Ro­gers and some oth­er crit­ics say the pres­id­ent may even be in deni­al about the on­go­ing real­ity of the war, per­haps be­cause he’s a little too eager to “com­plete his nar­rat­ive” about decim­at­ing al-Qaida. “Just be­cause we got Osama bin Laden doesn’t mean the or­gan­iz­a­tion went away,” Ro­gers says. “When someone is shoot­ing at you, and you stand up and de­cide the shoot­ing is over, that doesn’t mean they stop shoot­ing at you. And it is in­cred­ibly na­ive to be­lieve that be­cause you say the war on ter­ror is over, [the ter­ror­ists] be­lieve it is over.” To fo­cus on the in­roads against “core” al-Qaida in Pakistan while fail­ing to come up with set rules of en­gage­ment against new­er af­fil­i­ated groups else­where, Ro­gers says, is “like say­ing the Mc­Don­ald’s in Michigan is dif­fer­ent than the headquar­ters in Illinois. It’s the same food, the same goals, the same ends.”

Obama will also be­queath to his suc­cessor an­oth­er al­most Or­wellian oddity, one that may be un­pre­ced­en­ted in Amer­ic­an his­tory. The United States is now at war with an en­emy that it will not of­fi­cially ac­know­ledge or name. As new ji­hadist groups spring up in war-torn Syr­ia and oth­er emer­ging safe havens, the ad­min­is­tra­tion has made the list of so-called as­so­ci­ated forces of al-Qaida clas­si­fied.

The of­fi­cial reas­on is that the U.S. mil­it­ary and in­tel­li­gence ap­par­at­us doesn’t want to tip off the new bad guys that they’re about to be at­om­ized in a drone strike or laser-tar­geted by SEAL Team Six. But some long­time U.S. strategists, such as former Na­tion­al Se­cur­ity Ad­viser Brent Scow­croft, worry about the lack of clear rules gov­ern­ing this latest evol­u­tion in what Har­old Koh, Obama’s former State De­part­ment gen­er­al coun­sel, calls “the Forever War.” “There is something very troub­ling about how we have be­come po­lice­man, judge, jury, and ex­e­cu­tion­er, all rolled up to­geth­er,” Scow­croft says.

Former par­ti­cipants in the war on ter­ror­ism, such as John Bellinger, who was chief coun­sel to the Na­tion­al Se­cur­ity Coun­cil on 9/11, finds the con­flict’s new, amorph­ous shape to be “ex­tremely odd.”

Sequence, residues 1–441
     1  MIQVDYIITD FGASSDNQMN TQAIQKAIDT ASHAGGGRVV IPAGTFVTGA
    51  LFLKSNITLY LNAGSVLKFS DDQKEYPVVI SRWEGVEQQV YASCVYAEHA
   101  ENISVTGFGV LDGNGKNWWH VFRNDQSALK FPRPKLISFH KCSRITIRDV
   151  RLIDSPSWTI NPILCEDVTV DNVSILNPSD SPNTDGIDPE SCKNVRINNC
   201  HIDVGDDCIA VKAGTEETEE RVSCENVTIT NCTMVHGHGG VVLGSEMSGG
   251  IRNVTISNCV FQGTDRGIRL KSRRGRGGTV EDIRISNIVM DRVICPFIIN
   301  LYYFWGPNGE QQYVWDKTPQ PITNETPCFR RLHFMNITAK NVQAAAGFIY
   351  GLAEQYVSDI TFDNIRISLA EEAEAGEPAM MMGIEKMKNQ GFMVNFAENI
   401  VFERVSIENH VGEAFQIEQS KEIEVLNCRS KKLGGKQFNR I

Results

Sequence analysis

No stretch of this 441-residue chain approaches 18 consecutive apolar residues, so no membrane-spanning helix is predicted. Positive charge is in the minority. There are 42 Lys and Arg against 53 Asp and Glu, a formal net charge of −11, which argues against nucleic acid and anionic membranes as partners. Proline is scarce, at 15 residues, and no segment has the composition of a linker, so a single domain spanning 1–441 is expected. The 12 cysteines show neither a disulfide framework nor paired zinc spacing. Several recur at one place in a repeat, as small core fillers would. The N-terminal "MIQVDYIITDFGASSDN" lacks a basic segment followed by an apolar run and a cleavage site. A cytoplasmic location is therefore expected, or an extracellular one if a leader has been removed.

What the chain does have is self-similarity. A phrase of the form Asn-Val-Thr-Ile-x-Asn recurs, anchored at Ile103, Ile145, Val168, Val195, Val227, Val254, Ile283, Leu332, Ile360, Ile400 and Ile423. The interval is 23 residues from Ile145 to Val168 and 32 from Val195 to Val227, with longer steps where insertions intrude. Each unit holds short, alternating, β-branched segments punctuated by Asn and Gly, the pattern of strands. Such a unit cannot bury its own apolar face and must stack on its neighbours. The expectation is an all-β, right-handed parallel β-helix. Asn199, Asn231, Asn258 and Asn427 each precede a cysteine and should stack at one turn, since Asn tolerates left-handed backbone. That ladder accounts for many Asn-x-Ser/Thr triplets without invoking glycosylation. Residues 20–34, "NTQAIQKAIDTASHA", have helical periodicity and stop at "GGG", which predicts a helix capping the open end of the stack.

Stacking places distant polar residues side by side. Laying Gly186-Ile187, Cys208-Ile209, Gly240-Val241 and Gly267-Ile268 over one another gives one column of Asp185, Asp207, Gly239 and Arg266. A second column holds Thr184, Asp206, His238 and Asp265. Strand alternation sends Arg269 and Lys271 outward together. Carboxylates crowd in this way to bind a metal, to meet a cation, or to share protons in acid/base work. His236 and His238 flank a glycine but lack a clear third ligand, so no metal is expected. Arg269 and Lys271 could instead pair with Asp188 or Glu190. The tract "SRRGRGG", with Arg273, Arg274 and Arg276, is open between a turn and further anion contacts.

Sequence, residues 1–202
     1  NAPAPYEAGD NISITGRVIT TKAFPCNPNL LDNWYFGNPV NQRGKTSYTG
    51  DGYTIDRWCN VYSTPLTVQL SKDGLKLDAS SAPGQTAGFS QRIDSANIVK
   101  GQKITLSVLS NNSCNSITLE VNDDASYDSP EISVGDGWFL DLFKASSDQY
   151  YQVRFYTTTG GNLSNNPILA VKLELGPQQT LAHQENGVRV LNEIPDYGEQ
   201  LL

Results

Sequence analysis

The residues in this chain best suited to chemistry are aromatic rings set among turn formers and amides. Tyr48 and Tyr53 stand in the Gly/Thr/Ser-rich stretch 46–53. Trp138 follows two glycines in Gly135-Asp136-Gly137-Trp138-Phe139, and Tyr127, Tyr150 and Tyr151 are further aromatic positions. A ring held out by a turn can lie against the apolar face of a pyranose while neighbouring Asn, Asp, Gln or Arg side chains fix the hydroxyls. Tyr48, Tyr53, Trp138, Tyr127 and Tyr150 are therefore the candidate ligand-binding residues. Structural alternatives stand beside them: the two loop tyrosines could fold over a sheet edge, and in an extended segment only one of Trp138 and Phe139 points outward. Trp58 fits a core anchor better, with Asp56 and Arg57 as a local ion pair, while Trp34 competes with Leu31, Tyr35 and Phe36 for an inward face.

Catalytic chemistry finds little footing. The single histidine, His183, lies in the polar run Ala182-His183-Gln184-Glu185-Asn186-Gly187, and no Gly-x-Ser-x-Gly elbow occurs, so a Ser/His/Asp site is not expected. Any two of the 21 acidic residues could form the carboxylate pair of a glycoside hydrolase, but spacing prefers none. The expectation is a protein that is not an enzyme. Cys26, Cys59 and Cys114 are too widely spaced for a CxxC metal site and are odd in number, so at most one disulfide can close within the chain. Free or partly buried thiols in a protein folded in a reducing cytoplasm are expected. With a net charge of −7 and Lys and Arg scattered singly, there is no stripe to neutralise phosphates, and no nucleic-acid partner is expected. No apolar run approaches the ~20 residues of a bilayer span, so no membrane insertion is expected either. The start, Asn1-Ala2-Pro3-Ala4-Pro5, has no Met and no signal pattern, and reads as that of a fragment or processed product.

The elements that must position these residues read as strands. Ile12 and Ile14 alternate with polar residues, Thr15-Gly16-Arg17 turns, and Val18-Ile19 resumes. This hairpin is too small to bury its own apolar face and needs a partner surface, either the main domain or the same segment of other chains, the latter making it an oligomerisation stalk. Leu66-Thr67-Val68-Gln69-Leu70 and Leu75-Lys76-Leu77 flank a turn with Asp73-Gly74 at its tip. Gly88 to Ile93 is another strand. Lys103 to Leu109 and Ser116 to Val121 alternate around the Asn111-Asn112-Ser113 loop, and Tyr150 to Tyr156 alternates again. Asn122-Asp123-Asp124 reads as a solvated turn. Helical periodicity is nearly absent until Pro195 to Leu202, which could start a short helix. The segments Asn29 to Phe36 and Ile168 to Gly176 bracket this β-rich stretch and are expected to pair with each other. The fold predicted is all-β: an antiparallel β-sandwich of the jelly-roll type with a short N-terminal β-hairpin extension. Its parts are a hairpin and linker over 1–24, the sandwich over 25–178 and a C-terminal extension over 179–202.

Guantanamo Bay (BRENNAN LINSLEY/AFP/Getty Images) BRENNAN LINSLEY/AFP/Getty Images

Says Bellinger: “I cer­tainly un­der­stand that groups may change and people may move from group to group. And our people may not want to alert the groups be­ing tar­geted. But I don’t think that pre­vents one from hav­ing a ba­sic list [of en­emies], at least with an as­ter­isk at the end in­dic­at­ing there may be oth­ers.” The main prob­lem, he adds, is that “as the AUMF has got­ten longer and longer in the tooth, the de­bate in­side the ad­min­is­tra­tion is get­ting more and more com­plex as to wheth­er some group or some per­son is ac­tu­ally as­so­ci­ated with al-Qaida,” the only group with which Amer­ica is still of­fi­cially at war and to which the AUMF spe­cific­ally ap­plies. Guantanamo Bay (BREN­NAN LINS­LEY/AFP/Getty Im­ages)

So while Obama might be re­luct­ant to ap­ply force bey­ond drones and spe­cial-op­er­a­tions teams in parts of the Mideast, Cent­ral Asia, and North­ern Africa, it’s en­tirely plaus­ible that a less cau­tious com­mand­er in chief could de­cide to in­vade Syr­ia or re­in­vade Afgh­anistan or Ir­aq, or to de­ploy drones less dis­crim­in­at­ingly — all by re­ly­ing on an out­dated war au­thor­iz­a­tion. Un­less Con­gress writes new rules. And Obama signs them. Something neither ap­pears will­ing to do.

The ad­min­is­tra­tion coun­ters that it has already de­veloped the “clear guidelines, over­sight, and ac­count­ab­il­ity” that Obama prom­ised last year. Still, the White House has barely en­gaged Con­gress. “At this stage, we are dis­cuss­ing this is­sue and look for­ward to en­ga­ging the Con­gress more ro­bustly as we re­fine our think­ing,” Na­tion­al Se­cur­ity Coun­cil spokes­wo­man Caitlin Hay­den told Na­tion­al Journ­al.

The ad­min­is­tra­tion’s in­ac­tion stems in part from the way Obama has boxed him­self in. He has said he doesn’t want to sign a new con­gres­sion­al force au­thor­iz­a­tion that may be bet­ter equipped to deal with mod­ern ter­ror­ism threats, be­cause he wor­ries about pro­long­ing the war. But without one, the ad­min­is­tra­tion has been forced to stretch and dis­tort the 9/11 au­thor­iz­a­tion to new fronts in Somalia and Ye­men in ways that could en­cour­age an­oth­er pres­id­ent to push the leg­al en­vel­ope even fur­ther.

The res­ult is that the war, as it stands, is be­ing fought in a state of leg­al limbo, one that wor­ries both con­ser­vat­ives, who fa­vor re­writ­ing the 9/11 AUMF, and lib­er­als, who fa­vor re­peal­ing it. And it has giv­en ad­min­is­tra­tion of­fi­cials no choice but to forge ahead, some­times seem­ingly mak­ing up the rules as they go — as evid­enced per­haps by the Decem­ber strike in Ye­men.

That in­tern­al de­bate achieved al­most tra­gi­com­ic di­men­sions re­cently when The Wash­ing­ton Post re­por­ted that fol­low­ing the de­cision of Ay­man al-Za­wahiri, the nom­in­al lead­er of al-Qaida’s core in Pakistan, to ex­com­mu­nic­ate an ul­tra­vi­olent group call­ing it­self “Is­lam­ic State in Ir­aq and Syr­ia” or IS­IS, U.S. of­fi­cials were weigh­ing wheth­er to drop that group from the U.S. en­emies list. That, says crit­ics, is the ul­ti­mate mis­take in al­low­ing al-Qaida to define the con­flict. “It’s con­ceiv­able that al-Qaida might ‘fire’ them pub­licly while privately con­tinu­ing to have lots of deal­ings with them,” Bellinger says.